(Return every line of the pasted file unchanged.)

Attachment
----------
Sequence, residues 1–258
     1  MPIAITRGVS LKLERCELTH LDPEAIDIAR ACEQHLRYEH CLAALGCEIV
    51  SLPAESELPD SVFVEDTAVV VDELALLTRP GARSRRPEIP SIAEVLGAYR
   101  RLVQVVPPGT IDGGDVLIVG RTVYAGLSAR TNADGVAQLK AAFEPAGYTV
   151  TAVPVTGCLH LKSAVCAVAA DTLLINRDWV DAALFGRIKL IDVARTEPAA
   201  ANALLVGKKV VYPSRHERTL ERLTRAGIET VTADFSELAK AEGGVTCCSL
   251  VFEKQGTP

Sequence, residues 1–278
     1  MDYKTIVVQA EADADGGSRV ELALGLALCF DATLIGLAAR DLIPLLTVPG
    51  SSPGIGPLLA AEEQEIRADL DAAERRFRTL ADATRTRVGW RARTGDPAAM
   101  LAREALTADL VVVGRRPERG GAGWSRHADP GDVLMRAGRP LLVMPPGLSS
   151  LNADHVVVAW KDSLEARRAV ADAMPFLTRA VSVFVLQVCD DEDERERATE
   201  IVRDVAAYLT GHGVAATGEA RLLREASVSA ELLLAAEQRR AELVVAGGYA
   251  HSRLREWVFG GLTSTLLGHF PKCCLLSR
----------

Sequence, residues 1–258
     1  MPIAITRGVS LKLERCELTH LDPEAIDIAR ACEQHLRYEH CLAALGCEIV
    51  SLPAESELPD SVFVEDTAVV VDELALLTRP GARSRRPEIP SIAEVLGAYR
   101  RLVQVVPPGT IDGGDVLIVG RTVYAGLSAR TNADGVAQLK AAFEPAGYTV
   151  TAVPVTGCLH LKSAVCAVAA DTLLINRDWV DAALFGRIKL IDVARTEPAA
   201  ANALLVGKKV VYPSRHERTL ERLTRAGIET VTADFSELAK AEGGVTCCSL
   251  VFEKQGTP

Sequence, residues 1–278
     1  MDYKTIVVQA EADADGGSRV ELALGLALCF DATLIGLAAR DLIPLLTVPG
    51  SSPGIGPLLA AEEQEIRADL DAAERRFRTL ADATRTRVGW RARTGDPAAM
   101  LAREALTADL VVVGRRPERG GAGWSRHADP GDVLMRAGRP LLVMPPGLSS
   151  LNADHVVVAW KDSLEARRAV ADAMPFLTRA VSVFVLQVCD DEDERERATE
   201  IVRDVAAYLT GHGVAATGEA RLLREASVSA ELLLAAEQRR AELVVAGGYA
   251  HSRLREWVFG GLTSTLLGHF PKCCLLSR